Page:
Tskaltubo is about 15 km from Kutaisi. There are slightly radioactive thermal springs there. Already started as a spa in the 19th century, it was developed as one of the largest spas during the Soviet era. There is a very large park in which a few sanatoriums and spas were located directly and many often very large sanatoriums and recreation homes around it. These buildings were built in the mid-20th century in the neo-classical style, i.e. grandiose, opulent, ornate and, in contrast to the other Soviet brutalo-concrete architecture, very beautiful to look at.
All this spa tourism in the Soviet Union (check my blogpost visit in the sanatorium Goluboi in Kyrgyzstan, too) was financed at state expense and served not only physical recreation and healing but was also linked to education and culture. With the collapse of the Soviet Union, spa tourism also collapsed and all the large buildings stood empty. Due to the conflict in/around Abkhazia since the beginning of the 1990s, there were huge numbers of refugees seeking shelter in Georgia. They were accommodated in empty buildings, often unused old hotels and sanatoriums and the like. I had already seen this in Tbilisi and Borjomi in 2008. In Tskaltubo, many of these people lived and still live in precarious living conditions in great poverty. Here, too, Stefan Applis can help with information, e.g. in these Articles.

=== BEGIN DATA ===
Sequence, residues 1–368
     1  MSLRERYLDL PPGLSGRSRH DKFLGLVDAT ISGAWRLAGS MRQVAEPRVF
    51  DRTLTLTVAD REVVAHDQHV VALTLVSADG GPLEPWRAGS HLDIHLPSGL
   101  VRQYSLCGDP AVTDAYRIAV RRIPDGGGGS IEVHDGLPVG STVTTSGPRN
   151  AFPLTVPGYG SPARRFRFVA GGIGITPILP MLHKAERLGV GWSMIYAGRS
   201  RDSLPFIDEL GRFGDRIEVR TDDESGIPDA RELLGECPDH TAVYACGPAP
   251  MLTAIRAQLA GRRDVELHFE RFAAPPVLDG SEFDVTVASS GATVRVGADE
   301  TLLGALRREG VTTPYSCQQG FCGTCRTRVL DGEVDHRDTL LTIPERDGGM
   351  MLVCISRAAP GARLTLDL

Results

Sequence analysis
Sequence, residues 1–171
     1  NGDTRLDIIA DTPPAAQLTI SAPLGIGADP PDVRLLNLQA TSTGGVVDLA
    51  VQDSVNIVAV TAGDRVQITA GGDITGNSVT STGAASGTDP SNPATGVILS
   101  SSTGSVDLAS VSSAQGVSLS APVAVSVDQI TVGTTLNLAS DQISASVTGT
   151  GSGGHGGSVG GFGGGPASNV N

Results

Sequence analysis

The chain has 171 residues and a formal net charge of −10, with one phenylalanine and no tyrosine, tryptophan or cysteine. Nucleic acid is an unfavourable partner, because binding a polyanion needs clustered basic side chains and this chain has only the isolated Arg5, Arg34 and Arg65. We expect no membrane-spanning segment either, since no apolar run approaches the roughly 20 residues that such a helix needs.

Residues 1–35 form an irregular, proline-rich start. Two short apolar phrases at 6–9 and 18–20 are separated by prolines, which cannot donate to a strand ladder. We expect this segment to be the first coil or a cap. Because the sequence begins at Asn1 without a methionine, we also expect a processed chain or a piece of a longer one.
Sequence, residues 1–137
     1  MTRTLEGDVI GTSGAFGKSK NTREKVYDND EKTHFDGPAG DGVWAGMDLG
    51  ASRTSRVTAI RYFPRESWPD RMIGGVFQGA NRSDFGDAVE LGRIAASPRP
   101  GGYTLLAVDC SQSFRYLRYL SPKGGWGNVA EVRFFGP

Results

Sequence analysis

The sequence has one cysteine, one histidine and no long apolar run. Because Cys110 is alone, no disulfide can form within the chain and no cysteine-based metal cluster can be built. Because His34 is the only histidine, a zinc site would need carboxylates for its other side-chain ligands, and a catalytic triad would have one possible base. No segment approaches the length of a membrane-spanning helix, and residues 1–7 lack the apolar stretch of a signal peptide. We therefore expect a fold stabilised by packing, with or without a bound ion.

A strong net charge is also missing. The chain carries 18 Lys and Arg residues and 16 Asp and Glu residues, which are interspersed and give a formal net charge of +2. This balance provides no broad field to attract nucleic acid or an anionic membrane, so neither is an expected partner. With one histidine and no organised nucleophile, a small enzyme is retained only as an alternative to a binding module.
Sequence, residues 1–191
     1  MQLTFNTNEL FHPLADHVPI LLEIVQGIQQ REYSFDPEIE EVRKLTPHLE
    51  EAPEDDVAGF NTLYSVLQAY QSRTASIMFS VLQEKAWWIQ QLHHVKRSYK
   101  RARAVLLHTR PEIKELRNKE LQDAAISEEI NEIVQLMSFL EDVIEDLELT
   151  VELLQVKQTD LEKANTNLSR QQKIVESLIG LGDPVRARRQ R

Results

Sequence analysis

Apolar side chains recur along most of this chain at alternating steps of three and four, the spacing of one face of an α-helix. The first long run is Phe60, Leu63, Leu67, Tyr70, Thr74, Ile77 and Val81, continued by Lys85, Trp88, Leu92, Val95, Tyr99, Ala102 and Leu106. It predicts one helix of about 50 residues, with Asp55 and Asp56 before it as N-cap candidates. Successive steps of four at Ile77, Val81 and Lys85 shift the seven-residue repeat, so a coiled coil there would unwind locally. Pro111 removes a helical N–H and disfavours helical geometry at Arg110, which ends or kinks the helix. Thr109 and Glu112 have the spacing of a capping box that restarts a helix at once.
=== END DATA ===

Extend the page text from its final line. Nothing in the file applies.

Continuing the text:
Besides the buildings/parts of buildings used for refugees, there is also a lot of decaying empty space – a kind of El Dorado for Urbex fans, i.e. for people who like to look around in no longer used industrial plants and other abandoned buildings. And so I was also curious to see what this place now looked like and what there was to discover.